We always joke about the hardware guys saying that they’ll fix it in firmware, and vice-versa, but this is ridiculous. When [Igor] tried to update his oscilloscope and flashed the wrong firmware version in by mistake, he didn’t fix it in firmware. Instead, he upgraded the LCD display to match the firmware.
See, Siglent doesn’t make [Igor]’s DSO any more; they stopped using the 4:3 aspect ratio screens and replaced them with wider versions. Of course, this is an improvement for anyone buying a new scope, but not if you’ve got the small screen in yours and can’t see anything anymore. After playing around with flashing other company’s firmware (for a similar scope) and failing to get it done over the JTAG, he gave up on the firmware and started looking for a hardware solution.
It turns out that a few SMT resistors set the output screen resolution. After desoldering the appropriate resistors, [Igor] bought a new 7″ LCD screen online only to find out that it has a high-voltage backlight and that he’d need to build an inverter (and hide the noisy circuit inside his oscilloscope). Not daunted, he went digging through his junk box until he found a backlight panel of the right size from another display.
Yet more small soldering, and he had frankensteined a new backlight into place. Of course, the larger LCD won’t fit the case without some cutting, double-sided tape, and a healthy dose of black tape all around insulates the loose electricals. Et voilá!
We have to hand it to [Igor], he’s got moxie. It’s an ugly hack, but it’s a definite screen upgrade, and a lesser hacker would have stopped after flashing the wrong firmware and thrown the thing in the trash. We’d be proud to have that scope sitting on our desk; it’s a definite conversation starter, and a badge of courage to boot.
Bitcoin, the libertarian’s dream currency, is far past the heady days of late 2013. When one Bitcoin was worth $1000 USD, there was no end to what could be done; new, gigantic mining rigs were being created, every online store jumped onto the bandwagon, and the price of Bitcoin inevitably crashed. Right now, the exchange rate sits at about $280 USD per coin, valuing all the Bitcoins ever mined somewhere around $4 Billion USD. That’s a lot of coins out there, and a lot of miners constantly verifying the integrity of the greatest thing to come from the Bitcoin community: the blockchain.
The bitcoin is just a record, or the ledger, of every transaction that has ever occurred on the Bitcoin network. It’s distributed, and the act of mining coins creates new blocks, or another set of data committed to the blockchain for eternity. While magical Internet money™ is by far the most visible product of the blockchain, developers, investors, and other people in the know are gushing about the possibilities of what can be done with a distributed record that can’t practically be altered and can’t be deleted.
Bitcoin and other cryptocurrencies are not just a completely anonymous payment system; that’s only a side effect of the blockchain. The blockchain is the only inherently valuable part of a bitcoin; each transaction is logged in the blockchain, providing incredible security over how every coin is spent. No currency in the history of mankind has ever had a record of how every dollar or denarius is spent, and at the very least makes for very interesting economics research. Now, thousands of researchers across the globe are wondering what else the blockchain can do; tapping the power of the most powerful computer on the planet must have some interesting applications, and in the last few months, a few ideas have popped up.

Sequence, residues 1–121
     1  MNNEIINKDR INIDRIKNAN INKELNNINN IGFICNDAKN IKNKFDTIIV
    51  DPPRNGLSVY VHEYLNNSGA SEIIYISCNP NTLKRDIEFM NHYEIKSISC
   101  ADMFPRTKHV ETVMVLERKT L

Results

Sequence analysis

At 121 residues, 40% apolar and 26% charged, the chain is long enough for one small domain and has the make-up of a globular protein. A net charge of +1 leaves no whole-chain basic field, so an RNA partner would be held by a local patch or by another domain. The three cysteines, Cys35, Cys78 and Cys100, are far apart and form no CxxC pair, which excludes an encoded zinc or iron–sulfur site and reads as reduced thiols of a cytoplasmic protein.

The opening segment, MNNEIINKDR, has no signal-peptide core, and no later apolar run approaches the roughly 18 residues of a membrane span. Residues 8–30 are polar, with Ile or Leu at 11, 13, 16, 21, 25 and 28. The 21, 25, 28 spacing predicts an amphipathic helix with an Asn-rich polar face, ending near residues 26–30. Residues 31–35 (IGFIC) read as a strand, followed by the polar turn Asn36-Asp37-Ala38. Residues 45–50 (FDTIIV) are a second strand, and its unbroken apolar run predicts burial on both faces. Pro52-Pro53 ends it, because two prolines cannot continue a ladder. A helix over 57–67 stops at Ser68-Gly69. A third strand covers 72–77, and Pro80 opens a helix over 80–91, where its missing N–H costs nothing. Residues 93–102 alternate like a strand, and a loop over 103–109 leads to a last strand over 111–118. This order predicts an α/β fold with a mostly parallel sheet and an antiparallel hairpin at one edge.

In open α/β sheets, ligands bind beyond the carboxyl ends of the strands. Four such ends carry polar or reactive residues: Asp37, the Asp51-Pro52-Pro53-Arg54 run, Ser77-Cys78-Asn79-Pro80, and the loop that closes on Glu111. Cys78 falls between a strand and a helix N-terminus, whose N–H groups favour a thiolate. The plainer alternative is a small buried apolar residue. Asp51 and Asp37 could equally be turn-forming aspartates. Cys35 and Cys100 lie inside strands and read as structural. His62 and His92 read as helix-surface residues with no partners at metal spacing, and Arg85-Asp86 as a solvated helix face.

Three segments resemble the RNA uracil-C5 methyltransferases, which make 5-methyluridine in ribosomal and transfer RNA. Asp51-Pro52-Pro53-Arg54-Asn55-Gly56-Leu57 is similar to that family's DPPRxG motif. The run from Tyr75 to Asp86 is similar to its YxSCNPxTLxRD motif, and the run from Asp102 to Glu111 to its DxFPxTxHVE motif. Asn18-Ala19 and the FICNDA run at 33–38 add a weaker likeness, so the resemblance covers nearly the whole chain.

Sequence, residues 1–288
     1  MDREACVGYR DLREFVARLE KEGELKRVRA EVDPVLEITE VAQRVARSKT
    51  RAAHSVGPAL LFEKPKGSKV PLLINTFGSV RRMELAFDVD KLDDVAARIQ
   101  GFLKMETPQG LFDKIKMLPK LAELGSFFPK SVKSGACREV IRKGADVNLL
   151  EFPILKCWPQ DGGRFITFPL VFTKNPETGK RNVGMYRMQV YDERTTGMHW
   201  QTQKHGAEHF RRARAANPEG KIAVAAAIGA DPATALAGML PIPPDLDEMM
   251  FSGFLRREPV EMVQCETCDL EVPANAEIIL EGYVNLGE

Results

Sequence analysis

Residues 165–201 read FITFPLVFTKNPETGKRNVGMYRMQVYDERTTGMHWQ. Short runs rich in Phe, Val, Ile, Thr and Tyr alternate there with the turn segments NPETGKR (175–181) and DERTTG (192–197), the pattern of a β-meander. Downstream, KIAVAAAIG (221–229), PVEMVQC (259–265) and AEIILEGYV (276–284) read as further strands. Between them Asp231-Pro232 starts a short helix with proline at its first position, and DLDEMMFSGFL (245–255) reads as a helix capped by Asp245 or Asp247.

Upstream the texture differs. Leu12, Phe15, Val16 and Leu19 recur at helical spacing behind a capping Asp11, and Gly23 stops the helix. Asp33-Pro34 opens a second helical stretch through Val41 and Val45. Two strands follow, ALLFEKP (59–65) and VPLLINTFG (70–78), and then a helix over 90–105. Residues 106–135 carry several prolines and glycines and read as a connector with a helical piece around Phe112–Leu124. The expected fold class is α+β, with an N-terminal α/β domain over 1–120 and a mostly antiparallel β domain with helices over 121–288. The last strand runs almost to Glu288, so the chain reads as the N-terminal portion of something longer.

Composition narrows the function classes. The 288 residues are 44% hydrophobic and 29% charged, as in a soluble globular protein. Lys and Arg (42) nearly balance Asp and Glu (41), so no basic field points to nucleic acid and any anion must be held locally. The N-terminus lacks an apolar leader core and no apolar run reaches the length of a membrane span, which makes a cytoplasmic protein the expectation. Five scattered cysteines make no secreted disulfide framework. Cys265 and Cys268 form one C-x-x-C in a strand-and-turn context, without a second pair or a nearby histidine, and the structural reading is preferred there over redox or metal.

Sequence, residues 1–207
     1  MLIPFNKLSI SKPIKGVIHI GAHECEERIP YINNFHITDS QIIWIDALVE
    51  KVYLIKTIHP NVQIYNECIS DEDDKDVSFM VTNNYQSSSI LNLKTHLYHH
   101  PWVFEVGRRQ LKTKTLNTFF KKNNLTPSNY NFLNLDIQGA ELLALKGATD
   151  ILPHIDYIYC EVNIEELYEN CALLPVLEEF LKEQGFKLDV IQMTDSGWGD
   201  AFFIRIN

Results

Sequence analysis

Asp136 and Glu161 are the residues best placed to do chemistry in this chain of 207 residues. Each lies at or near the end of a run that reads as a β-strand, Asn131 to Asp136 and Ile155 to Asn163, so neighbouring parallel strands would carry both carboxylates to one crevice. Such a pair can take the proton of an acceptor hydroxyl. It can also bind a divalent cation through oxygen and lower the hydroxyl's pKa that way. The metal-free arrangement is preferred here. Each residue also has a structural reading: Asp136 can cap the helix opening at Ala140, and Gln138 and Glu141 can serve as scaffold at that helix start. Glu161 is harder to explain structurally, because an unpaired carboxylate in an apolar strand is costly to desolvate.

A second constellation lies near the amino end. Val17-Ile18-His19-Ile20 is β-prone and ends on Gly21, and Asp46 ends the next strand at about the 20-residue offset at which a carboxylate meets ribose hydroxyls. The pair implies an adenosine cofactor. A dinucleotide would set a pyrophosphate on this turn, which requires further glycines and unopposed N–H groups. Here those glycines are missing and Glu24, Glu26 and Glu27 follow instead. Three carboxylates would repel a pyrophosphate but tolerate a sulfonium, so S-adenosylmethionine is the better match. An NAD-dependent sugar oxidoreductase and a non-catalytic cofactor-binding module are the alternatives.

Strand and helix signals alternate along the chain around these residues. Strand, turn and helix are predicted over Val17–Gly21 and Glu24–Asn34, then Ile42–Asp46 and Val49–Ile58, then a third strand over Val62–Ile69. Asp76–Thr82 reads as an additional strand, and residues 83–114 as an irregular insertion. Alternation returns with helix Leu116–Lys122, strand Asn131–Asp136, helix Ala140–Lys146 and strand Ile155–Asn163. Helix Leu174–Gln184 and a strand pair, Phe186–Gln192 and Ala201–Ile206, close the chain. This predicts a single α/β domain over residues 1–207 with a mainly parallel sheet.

Traditionally, capacitors are like really bad rechargeable batteries. Supercapacitors changed that, making it practical to use a fast-charging capacitor in place of rechargeable batteries. However, supercapacitors work in a different way than conventional (dielectric) capacitors. They use either an electrostatic scheme to achieve very close separation of charge (as little as 0.3 nanometers) or electrochemical pseudocapacitance (or sometime a combination of those methods).
In a conventional capacitor the two electrodes are as close together as practical and as large as practical because the capacitance goes up with surface area and down with distance between the plates. Unfortunately, for high-performance energy storage, capacitors (of the conventional kind) have a problem: you can get high capacitance or high breakdown voltage, but not both. That’s intuitive since getting the plates closer makes for higher capacitance but also makes the dielectric more likely to break down as the electric field inside the capacitor becomes higher with both voltage and closer plate spacing (the electric field, E, is equal to the voltage divided by the plate spacing).
[Guowen Meng] and others from several Chinese and US universities recently published a paper in the journal Science Advances that offers a way around this problem. By using a 3D carbon nanotube electrode, they can improve a dielectric capacitor to perform nearly as well as a supercapacitor (they are claiming 2Wh/kg energy density in their device).
The capacitor forms in a nanoporous membrane of anodic aluminum oxide. The pores do not go all the way through, but stop short, forming a barrier layer at the bottom of each pore. Some of the pores go through the material in one direction, and the rest go through in the other direction. The researchers deposited nanotubes in the pores and these tubes form the plates of the capacitor (see picture, right). The result is a capacitor with a high-capacity (due to the large surface area) but with an enhanced breakdown voltage thanks to the uniform pore walls.
To improve performance, the pores in the aluminum oxide are formed so that one large pore pointing in one direction is surrounded by six smaller pores going in the other direction (see picture to left). In this configuration, the capacitance in a 1 micron thick membrane could be as high as 9.8 microfarads per square centimeter.
For comparison, most high-value conventional capacitors are electrolytic and use two different plates: a plate of metallic foil and a semi-liquid electrolyte. You can even make one of these at home, if you are so inclined (see video below).
It is amazing to think how a new technology like carbon nanotubes can make something as old and simple as a capacitor better. You have to wonder what other improvements will come as we understand these new materials even better.